Coagulation abnormalities and pulmonary embolism

Thromboembolic disease represents another piece in the mosaic of SARS-CoV-2 infection, which is commonly observed in COVID-19 and associated with poor prognosis. Increased D-dimer levels in COVID-19 patients have been early reported in China [65], with higher levels in patients in ICU [median IQR 414 (191–1324) vs. 166 (101–285), p value < 0.001] [20].

Fei Zhou et al., in one of the largest retrospective cohort studies, not only reported increased coagulation activity in about 90% of COVID-19 in patients affected by pneumonia, but also pointed out elevated D-dimer levels at admission to be one of the main risk factors of in-hospital death [21].

It has not been fully elucidated yet whether this hypercoagulable state depends on a direct endothelial damage inflicted by the virus or represents a consequence of cytokine storm precipitating the onset of SIRS [66]. The blood coagulation activation in COVID-19, also substantiated by elevated levels of fibrinogen, Von Willebrand factor activity and factor VIII, seems not meet the criteria for disseminate intravascular coagulation, as platelet count and prothrombin time have been mostly reported within normal ranges, or just slightly increased, in these patients [67, 68].

Moreover, Helms et al. reported in ICU population with ARDS a much higher incidence of pulmonary embolism (PE) in COVID-19 patients than in non-COVID-19 (11.7 vs. 2.1%) [67].

Reasonably, SARS-CoV-2-associated thromboembolic disease has a multifactorial etiology, clinically revealed mainly by the onset of PE.

In a retrospective study conducted in France among 100 COVID-19 inpatients undergone CT pulmonary angiography (CTPA), 23% had acute PE. This group was more frequently in ICU (17 [74%] vs. 22 [29%]; P, 0.001) than non-PE-group and required mechanical ventilation more often (15 of 23 patients [65%] vs. 19 of 77 patients [25%], P, 0.001) [69]. Several other studies with CTPA confirmed these findings [67, 70, 71], raising the needing of a more defined role of contrast chest CT in COVID-19 diagnostic work-up. CTPA is the imaging modality of choice in clinical suspicion of PE [72], and although is still not recommended in COVID-19 patients by current guidelines [73,74,75] it could significantly impact clinical outcome in selected groups, such as patients with elevated D-dimer levels, sudden clinical worsening and/or new onset of dyspnea (Fig. 7).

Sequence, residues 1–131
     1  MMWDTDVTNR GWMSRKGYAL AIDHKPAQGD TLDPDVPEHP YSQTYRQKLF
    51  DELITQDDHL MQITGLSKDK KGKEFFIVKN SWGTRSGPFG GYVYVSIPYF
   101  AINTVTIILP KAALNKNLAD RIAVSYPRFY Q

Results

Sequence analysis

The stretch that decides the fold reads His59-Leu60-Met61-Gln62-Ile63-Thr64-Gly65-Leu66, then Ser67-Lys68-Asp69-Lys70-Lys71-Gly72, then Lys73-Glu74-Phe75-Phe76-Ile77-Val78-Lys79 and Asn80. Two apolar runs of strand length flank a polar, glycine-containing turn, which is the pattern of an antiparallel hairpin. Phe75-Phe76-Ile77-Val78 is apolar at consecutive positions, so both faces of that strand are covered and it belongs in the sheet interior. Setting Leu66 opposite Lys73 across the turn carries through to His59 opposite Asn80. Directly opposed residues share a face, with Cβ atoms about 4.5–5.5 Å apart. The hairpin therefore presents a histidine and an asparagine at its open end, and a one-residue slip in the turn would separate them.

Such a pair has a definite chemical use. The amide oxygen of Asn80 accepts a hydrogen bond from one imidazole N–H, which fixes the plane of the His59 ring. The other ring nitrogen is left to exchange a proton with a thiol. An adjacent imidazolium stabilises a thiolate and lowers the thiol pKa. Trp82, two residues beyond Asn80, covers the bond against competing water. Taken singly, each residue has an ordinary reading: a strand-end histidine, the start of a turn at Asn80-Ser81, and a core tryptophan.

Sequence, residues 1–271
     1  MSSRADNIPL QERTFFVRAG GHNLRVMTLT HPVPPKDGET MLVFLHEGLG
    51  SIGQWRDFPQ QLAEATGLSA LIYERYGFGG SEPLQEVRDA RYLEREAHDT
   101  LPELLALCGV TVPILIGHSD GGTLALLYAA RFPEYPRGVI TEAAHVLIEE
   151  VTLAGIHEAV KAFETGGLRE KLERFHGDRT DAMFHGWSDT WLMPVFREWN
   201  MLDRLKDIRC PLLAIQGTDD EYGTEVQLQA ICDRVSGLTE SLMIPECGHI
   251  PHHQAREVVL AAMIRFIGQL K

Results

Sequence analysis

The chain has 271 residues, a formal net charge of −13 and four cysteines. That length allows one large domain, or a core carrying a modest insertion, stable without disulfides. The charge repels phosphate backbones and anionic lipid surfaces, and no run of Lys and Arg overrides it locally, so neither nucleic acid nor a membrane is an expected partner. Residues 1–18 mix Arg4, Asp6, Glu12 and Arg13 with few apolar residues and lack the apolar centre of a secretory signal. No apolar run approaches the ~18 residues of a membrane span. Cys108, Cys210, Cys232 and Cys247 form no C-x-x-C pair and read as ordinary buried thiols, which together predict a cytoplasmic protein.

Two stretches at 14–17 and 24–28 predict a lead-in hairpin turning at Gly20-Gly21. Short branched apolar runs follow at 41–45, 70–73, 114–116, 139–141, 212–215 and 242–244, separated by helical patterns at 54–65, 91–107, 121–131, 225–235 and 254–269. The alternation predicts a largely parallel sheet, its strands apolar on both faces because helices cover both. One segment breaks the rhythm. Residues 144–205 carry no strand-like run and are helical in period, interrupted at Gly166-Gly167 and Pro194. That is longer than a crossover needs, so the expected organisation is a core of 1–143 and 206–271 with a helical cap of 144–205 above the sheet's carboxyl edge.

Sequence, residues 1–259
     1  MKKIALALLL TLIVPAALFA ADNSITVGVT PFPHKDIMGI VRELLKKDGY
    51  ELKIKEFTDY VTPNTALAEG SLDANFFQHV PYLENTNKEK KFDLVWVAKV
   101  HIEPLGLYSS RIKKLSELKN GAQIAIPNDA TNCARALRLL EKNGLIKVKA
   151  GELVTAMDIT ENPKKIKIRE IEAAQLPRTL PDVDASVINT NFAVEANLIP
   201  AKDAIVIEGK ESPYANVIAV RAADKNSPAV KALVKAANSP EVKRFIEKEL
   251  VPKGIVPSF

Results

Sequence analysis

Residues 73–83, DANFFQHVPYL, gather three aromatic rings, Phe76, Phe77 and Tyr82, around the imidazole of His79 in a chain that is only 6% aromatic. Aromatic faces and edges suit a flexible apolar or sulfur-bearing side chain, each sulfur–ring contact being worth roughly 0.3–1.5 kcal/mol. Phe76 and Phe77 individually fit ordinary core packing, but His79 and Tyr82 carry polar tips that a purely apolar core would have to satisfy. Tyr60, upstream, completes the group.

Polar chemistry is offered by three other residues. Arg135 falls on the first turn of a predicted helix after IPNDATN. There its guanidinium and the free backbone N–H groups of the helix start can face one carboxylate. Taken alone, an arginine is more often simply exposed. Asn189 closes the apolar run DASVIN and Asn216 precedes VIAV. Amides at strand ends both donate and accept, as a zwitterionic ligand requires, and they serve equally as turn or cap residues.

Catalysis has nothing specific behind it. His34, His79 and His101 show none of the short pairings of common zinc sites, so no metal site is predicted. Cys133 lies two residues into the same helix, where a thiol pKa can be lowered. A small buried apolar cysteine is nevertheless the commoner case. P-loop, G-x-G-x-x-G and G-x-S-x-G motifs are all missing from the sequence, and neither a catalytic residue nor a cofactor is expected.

Fig. 7
figure 7

Pulmonary Embolism. COVID-19 patient with dyspnea, increased D-dimer levels and O2 saturation < 93. Chest CT evidenced GGO with interstitial thickening of the interlobular and intralobular septa, together with pleural effusion (a, b). After contrast media injection, PE was found in the left upper lobar branch, the left inferior lobar branch and the segmental arteries for the left inferior pulmonary lobe and PE of the interlobar arteries for the inferior right lobe, probably extended to the subsegmentary arteries (d, e). CT computed tomography; GGO ground glass opacity; PE pulmonary embolism

Recommended patient’s workflow in suspected COVID-19

In clinical suspicion of CV involvement in COVID-19 patients, supported by typical or atypical chest pain, worsening of dyspnea and/or new onset of arrhythmias, bedside echocardiography represents the first essential imaging tool in diagnostic work-up. Considering the high exposure risk for operators, it is not routinely performed in COVID-19 patients. Anyway, a fast and focused bedside echocardiography evaluation can be pivotal in referring selected patients to second level imaging, such as cardiac CT, CMR and ICA, to avoid unnecessary examinations and diagnostic delay, as shown in Fig. 8.

Fig. 8
figure 8

Suggested flowchart for imaging management of suspected cardiac injury in COVID-19 patients. (*) CCTA can be considered to triple rule-out CAD, interstitial pneumonia and pulmonary embolism in selected patients. TnT T-troponin; Echo echocardiography; ICA invasive coronary angiography; CCTA cardiac computed tomography angiography; CMR cardiac magnetic resonance